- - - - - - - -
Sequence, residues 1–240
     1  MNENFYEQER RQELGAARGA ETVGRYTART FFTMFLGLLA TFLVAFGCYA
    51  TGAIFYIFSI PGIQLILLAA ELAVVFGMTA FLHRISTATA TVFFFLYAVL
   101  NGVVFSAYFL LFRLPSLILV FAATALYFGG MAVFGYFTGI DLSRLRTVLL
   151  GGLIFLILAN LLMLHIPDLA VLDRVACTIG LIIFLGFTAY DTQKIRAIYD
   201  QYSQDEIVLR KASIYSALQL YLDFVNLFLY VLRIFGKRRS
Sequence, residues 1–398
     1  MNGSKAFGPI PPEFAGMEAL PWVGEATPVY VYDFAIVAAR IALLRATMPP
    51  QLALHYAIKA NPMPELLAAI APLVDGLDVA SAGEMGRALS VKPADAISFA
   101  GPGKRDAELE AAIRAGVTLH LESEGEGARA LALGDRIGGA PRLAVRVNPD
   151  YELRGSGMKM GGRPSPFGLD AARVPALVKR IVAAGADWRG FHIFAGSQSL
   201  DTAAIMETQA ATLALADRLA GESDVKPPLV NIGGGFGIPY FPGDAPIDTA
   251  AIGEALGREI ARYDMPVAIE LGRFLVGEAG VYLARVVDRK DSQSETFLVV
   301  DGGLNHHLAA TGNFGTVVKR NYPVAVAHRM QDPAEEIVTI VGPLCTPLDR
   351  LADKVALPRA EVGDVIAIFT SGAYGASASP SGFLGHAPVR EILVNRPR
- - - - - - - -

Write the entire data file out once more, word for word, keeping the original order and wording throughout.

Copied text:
Sequence, residues 1–240
     1  MNENFYEQER RQELGAARGA ETVGRYTART FFTMFLGLLA TFLVAFGCYA
    51  TGAIFYIFSI PGIQLILLAA ELAVVFGMTA FLHRISTATA TVFFFLYAVL
   101  NGVVFSAYFL LFRLPSLILV FAATALYFGG MAVFGYFTGI DLSRLRTVLL
   151  GGLIFLILAN LLMLHIPDLA VLDRVACTIG LIIFLGFTAY DTQKIRAIYD
   201  QYSQDEIVLR KASIYSALQL YLDFVNLFLY VLRIFGKRRS
Sequence, residues 1–398
     1  MNGSKAFGPI PPEFAGMEAL PWVGEATPVY VYDFAIVAAR IALLRATMPP
    51  QLALHYAIKA NPMPELLAAI APLVDGLDVA SAGEMGRALS VKPADAISFA
   101  GPGKRDAELE AAIRAGVTLH LESEGEGARA LALGDRIGGA PRLAVRVNPD
   151  YELRGSGMKM GGRPSPFGLD AARVPALVKR IVAAGADWRG FHIFAGSQSL
   201  DTAAIMETQA ATLALADRLA GESDVKPPLV NIGGGFGIPY FPGDAPIDTA
   251  AIGEALGREI ARYDMPVAIE LGRFLVGEAG VYLARVVDRK DSQSETFLVV
   301  DGGLNHHLAA TGNFGTVVKR NYPVAVAHRM QDPAEEIVTI VGPLCTPLDR
   351  LADKVALPRA EVGDVIAIFT SGAYGASASP SGFLGHAPVR EILVNRPR